D&H Distributing will hold its Mid-Atlantic Fall Technology Show Nov. 5 in Hershey, Pa. D&H is expecting over 1,000 attendees.
Although smartphones and tablets are quite versatile for everyday lives, there isn’t really an effective way to move large amounts of data on and off those mobile devices. Sure, there’s cloud storage, but moving GBs of files to your cloud and then downloading it takes a bit of time. Direct wireless connections don’t help much with PCs, and USB cables are so passe.
SanDisk's terse profit warning for its fiscal first quarter may reflect a little more than pricing issues for Flash memory. Ultrabook sales may be hampering SanDisk too, said analysts.
In a statement, SanDisk said that the company will deliver first quarter revenue of about $1.2 billion, down from its previous range of $1.3 billion to $1.35 billion. Wall Street was looking for sales of $1.34 billion and profits of 91 cents a share.
Analysts said that SanDisk's first quarter flop reflects weaker memory prices. In fact, NAND memory is the only thing that's falling
Western Digital and SanDisk this week teamed up with the home entertainment divisions of two Hollywood studios to launch a new effort to help consumers manage movies across multiple devices.
Those tiny plastic USB memory sticks you've got on your desk or skulking in your laptop bag's pocket are soon to be relegated to the past. Innovation, and the mobile tech revolution, is to blame. Don't be sad--read why.
One of the odd questions I keep being asked about the iPad is "Where do you plug in USB stuff?" It's a sister phrase to the weird criticism oft thrust at Apple's device, "Ah, it's too limiting for me: I can't plug in USB sticks." This is weird because other makers, notably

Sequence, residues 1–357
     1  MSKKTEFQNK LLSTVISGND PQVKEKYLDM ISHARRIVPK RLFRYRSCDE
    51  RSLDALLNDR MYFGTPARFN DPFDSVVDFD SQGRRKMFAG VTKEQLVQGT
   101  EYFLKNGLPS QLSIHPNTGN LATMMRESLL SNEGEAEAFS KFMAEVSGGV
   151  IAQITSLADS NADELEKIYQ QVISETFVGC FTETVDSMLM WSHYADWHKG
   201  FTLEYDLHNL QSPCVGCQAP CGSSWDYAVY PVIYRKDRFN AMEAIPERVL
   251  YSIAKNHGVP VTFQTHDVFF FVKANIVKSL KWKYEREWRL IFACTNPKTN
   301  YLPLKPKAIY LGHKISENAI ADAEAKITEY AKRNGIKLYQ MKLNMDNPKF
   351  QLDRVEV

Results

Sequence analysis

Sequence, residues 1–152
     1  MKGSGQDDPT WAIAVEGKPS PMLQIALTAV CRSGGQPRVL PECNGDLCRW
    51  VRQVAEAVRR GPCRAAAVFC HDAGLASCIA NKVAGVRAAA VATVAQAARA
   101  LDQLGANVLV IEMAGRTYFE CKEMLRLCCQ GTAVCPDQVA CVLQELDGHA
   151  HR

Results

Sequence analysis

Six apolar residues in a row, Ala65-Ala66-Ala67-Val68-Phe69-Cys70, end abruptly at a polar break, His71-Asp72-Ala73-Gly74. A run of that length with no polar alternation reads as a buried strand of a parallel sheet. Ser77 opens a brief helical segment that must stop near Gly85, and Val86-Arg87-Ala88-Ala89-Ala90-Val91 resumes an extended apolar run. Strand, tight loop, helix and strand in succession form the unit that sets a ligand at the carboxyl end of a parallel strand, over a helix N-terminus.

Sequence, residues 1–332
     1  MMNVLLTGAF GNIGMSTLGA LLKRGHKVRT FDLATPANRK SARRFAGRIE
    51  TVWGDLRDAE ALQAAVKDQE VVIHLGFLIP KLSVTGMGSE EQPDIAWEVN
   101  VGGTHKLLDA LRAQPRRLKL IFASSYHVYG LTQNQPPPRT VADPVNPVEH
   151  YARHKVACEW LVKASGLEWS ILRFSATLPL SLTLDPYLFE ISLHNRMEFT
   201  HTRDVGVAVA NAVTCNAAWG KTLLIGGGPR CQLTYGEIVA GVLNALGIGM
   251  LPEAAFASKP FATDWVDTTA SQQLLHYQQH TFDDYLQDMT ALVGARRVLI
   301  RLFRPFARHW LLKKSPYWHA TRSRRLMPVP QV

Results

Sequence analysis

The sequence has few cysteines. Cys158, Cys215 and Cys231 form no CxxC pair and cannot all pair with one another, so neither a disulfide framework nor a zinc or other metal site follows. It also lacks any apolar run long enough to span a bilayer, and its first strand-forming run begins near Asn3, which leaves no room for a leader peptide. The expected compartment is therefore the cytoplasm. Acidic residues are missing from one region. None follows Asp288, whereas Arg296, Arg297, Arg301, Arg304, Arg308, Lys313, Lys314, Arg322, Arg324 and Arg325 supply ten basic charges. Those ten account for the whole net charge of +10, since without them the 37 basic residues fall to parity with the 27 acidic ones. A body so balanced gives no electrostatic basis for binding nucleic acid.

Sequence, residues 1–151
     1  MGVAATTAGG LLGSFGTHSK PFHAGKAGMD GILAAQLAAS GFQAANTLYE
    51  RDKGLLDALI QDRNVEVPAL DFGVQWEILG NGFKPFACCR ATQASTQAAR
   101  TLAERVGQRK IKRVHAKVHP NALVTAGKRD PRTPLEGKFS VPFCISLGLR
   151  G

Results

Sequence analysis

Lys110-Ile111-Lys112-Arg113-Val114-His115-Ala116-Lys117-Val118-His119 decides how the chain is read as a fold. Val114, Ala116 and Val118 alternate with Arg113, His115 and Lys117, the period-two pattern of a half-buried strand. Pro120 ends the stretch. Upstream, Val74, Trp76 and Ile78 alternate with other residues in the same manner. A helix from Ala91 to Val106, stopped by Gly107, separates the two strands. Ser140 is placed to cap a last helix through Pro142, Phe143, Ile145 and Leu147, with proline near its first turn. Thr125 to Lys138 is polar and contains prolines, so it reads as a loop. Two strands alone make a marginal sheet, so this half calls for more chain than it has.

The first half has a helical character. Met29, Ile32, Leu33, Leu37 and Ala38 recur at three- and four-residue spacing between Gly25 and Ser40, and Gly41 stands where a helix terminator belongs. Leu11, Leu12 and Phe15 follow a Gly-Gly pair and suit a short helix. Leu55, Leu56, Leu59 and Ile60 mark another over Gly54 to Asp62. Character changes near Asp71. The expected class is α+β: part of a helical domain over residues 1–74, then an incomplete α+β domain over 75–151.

Japanese cellphone makers can't catch a break- they've been focusing on the domestic market with functions like water resistance and digital wallets, but despite their best efforts they're actually losing domestic market share, reports Nikkei. According to data released Tuesday, mobile phones and PHS handsets (an Asian standard operating in the 1880-1930MHz frequency band) from Japanese manufacturers fell 11.1 percent year-over-year, sinking to 29.58 million units, while the entire market- including handsets from foreign makers- actually grew four percent. Offerings from companies like Apple, Samsung, and LG
Several consumer electronics groups have banded together to work on a new content protection technology for flash memory cards and other devices... Panasonic Corp., Samsung Electronics, SanDisk Corp., Sony Corp. and Toshiba Corp. are the five companies behind the initiative.
Panasonic, Samsung, SanDisk, Sony, and Toshiba announced today that they're teaming up to launch the "Next Generation Secure Memory Initiative," which is a new step in the DRM (digital rights management) saga. It's designed to allow users to easily (and legally) stream, download, and copy their HD content on "Android-based smartphones and tablets, TVs and Blu-ray products." This wouldn't be the first time that manufacturers built DRM into flash media - Sony's MagicGate and SanDisk's TrustedFlash come to mind - but this new effort is focused on HD video
External hard drives are the most popular method of photo and video back-up, right there with the increasingly archaic process of burning DVDs. The problem with external hard drives – like all hard drives – is that they’ll fail eventually, and quite possibly take your data with them.